Supervisor Hillary Ronen, whose district includes the Mission, says that Lyft and Uber are driving her and her staff crazy by crowding bike lanes in the neighborhood’s critical Valencia Street cycling corridor.
Ronen penned a letter of complaint to both San Francisco-based companies Tuesday, demanding that they work with City Hall to prevent drivers from constantly pulling into bike lanes to pick up and drop off fares.
Via a press release, Ronen said:
"Two of my legislative aides bike on Valencia every day, along with thousands of my district constituents, and I know that their rides are spent dodging cars. I am utterly fed up with Lyft and Uber pretending they have no role in this, essentially condoning their drivers’ flouting of San Francisco’s traffic and parking laws.
“What I am asking these companies to do is simple, will cost them nothing, and can be implemented immediately.”
In the letter itself Ronen says, “Valencia is completely out of control with bikes, cars, and pedestrians struggling to safely navigate the street.”
She suggests that the billion-dollar companies, who have helped saturate city streets with vehicular traffic, designate certain areas on Valencia as pick up spots and then mark the safe zones via their app’s GPS. Both companies already do something similar to steer drivers away from construction zones.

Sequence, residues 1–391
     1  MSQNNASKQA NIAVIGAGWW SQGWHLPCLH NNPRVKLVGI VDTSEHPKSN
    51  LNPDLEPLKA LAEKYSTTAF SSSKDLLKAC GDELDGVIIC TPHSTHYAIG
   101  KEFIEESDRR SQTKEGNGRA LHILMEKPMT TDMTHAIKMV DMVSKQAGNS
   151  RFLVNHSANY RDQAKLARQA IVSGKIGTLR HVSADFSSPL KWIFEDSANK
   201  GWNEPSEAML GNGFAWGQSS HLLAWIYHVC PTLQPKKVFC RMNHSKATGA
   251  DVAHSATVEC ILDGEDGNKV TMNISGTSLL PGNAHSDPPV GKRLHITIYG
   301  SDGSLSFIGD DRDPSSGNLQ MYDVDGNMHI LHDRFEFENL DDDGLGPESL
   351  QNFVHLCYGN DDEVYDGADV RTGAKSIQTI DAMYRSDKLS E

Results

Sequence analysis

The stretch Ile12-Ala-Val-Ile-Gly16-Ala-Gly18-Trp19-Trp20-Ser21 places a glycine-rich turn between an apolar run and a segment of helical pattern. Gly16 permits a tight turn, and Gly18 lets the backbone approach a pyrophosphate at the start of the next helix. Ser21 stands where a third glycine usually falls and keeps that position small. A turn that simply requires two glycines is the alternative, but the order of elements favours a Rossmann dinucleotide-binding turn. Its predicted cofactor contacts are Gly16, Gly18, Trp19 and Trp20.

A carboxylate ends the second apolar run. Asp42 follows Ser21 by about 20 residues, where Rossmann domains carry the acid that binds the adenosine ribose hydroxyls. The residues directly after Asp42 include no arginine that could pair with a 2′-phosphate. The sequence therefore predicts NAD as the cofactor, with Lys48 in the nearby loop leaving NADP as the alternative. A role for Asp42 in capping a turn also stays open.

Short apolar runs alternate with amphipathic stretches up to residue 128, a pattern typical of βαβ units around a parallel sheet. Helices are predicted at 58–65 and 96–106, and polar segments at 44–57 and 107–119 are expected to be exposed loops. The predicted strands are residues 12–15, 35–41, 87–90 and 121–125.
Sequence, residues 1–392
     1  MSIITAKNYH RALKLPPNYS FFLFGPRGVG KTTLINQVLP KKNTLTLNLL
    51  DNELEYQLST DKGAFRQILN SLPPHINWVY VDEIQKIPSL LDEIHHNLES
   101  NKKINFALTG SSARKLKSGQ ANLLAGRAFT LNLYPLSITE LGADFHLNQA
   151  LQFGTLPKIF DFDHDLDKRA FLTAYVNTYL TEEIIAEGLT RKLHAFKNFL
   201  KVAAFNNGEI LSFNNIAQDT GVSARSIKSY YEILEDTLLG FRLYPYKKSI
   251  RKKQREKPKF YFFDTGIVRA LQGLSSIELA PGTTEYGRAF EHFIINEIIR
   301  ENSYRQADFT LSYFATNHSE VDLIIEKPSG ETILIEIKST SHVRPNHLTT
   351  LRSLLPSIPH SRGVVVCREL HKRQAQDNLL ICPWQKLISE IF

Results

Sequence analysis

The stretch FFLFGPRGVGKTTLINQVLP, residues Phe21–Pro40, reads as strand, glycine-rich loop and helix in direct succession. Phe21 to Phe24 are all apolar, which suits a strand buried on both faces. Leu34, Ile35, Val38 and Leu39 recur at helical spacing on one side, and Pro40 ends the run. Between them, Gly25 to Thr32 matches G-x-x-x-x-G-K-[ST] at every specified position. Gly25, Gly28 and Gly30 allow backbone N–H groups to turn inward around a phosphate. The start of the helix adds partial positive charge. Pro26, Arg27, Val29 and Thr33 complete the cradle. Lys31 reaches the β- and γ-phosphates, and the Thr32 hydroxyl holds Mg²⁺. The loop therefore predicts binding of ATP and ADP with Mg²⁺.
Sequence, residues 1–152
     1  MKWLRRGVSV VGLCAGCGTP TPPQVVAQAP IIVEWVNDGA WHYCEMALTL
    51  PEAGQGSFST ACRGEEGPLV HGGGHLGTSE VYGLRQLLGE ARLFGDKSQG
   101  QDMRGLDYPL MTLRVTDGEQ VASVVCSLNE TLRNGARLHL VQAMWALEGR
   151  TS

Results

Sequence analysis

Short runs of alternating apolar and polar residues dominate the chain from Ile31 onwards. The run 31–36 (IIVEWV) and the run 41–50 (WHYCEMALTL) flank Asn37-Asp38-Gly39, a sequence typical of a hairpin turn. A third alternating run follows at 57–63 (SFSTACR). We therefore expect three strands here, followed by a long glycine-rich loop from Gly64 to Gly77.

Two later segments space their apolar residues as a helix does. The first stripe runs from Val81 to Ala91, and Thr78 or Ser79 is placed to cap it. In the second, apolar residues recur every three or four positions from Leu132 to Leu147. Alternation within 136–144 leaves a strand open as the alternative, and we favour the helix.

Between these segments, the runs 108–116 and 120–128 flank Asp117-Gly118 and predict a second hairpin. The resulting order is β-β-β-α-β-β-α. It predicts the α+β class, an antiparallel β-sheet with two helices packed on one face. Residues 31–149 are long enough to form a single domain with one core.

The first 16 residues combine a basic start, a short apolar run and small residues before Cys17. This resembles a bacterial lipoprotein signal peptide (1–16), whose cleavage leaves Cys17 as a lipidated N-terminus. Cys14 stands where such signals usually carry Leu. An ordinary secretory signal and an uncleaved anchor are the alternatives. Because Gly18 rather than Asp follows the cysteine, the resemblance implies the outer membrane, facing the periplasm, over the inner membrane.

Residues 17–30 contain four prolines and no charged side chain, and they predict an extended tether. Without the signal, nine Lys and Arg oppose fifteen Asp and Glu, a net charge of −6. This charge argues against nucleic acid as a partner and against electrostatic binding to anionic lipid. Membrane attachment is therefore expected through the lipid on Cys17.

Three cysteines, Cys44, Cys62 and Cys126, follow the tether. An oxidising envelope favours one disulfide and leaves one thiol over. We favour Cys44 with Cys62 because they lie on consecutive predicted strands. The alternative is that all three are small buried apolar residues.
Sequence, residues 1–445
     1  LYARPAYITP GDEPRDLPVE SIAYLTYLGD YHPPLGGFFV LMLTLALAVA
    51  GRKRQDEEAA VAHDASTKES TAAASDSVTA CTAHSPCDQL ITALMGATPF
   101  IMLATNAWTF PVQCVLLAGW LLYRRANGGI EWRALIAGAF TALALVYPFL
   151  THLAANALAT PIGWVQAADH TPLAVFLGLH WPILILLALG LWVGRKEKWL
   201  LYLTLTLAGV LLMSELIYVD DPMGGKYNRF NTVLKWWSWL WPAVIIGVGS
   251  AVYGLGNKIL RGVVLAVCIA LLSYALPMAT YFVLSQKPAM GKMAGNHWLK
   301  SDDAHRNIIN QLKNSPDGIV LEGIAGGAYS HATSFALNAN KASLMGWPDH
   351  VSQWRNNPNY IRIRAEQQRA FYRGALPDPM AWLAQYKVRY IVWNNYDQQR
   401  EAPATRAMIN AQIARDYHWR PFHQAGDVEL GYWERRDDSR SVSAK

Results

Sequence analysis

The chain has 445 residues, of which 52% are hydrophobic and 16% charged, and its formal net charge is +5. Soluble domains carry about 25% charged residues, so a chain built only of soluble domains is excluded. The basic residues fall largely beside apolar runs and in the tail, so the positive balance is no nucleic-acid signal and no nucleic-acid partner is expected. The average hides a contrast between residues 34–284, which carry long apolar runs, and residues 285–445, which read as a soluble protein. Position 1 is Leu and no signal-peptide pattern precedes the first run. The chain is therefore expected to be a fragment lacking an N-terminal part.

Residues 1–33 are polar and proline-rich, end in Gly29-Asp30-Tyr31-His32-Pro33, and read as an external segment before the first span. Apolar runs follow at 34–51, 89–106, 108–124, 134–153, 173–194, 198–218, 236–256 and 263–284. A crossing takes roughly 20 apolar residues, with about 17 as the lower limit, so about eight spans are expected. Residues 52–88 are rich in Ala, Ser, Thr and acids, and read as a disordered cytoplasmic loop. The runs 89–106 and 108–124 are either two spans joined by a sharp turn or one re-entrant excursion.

In August, both Ronen and District Eight’s Jeff Sheehy said that the city should also install physical barriers to bike lanes on Valencia to protect from traffic.
No one at Lyft or Uber was immediately available for comment on the supervisor’s complaint.
In related news, SFPD Commander Robert O’Sullivan recently complained to the Board of Supervisor’s Land Use and Transportation Committee (which Ronen does not sit on) that Lyft and Uber drivers were responsible for more than 78 percent of bike lane violations downtown. However, the number of those violations—28 over the course of a dozen days—paled in comparison to the thousands of transit lane snafus recorded.
On Tuesday, Mayor Ed Lee squared away a deal with local ride-hailing companies to begin experimenting with specially painted curbs for pick ups and drop offs “in a yet-to-be determined commercial corridor.”
In exchange, the city gets access to traffic data collected by the companies, which ostensibly could help guide anti-gridlock efforts.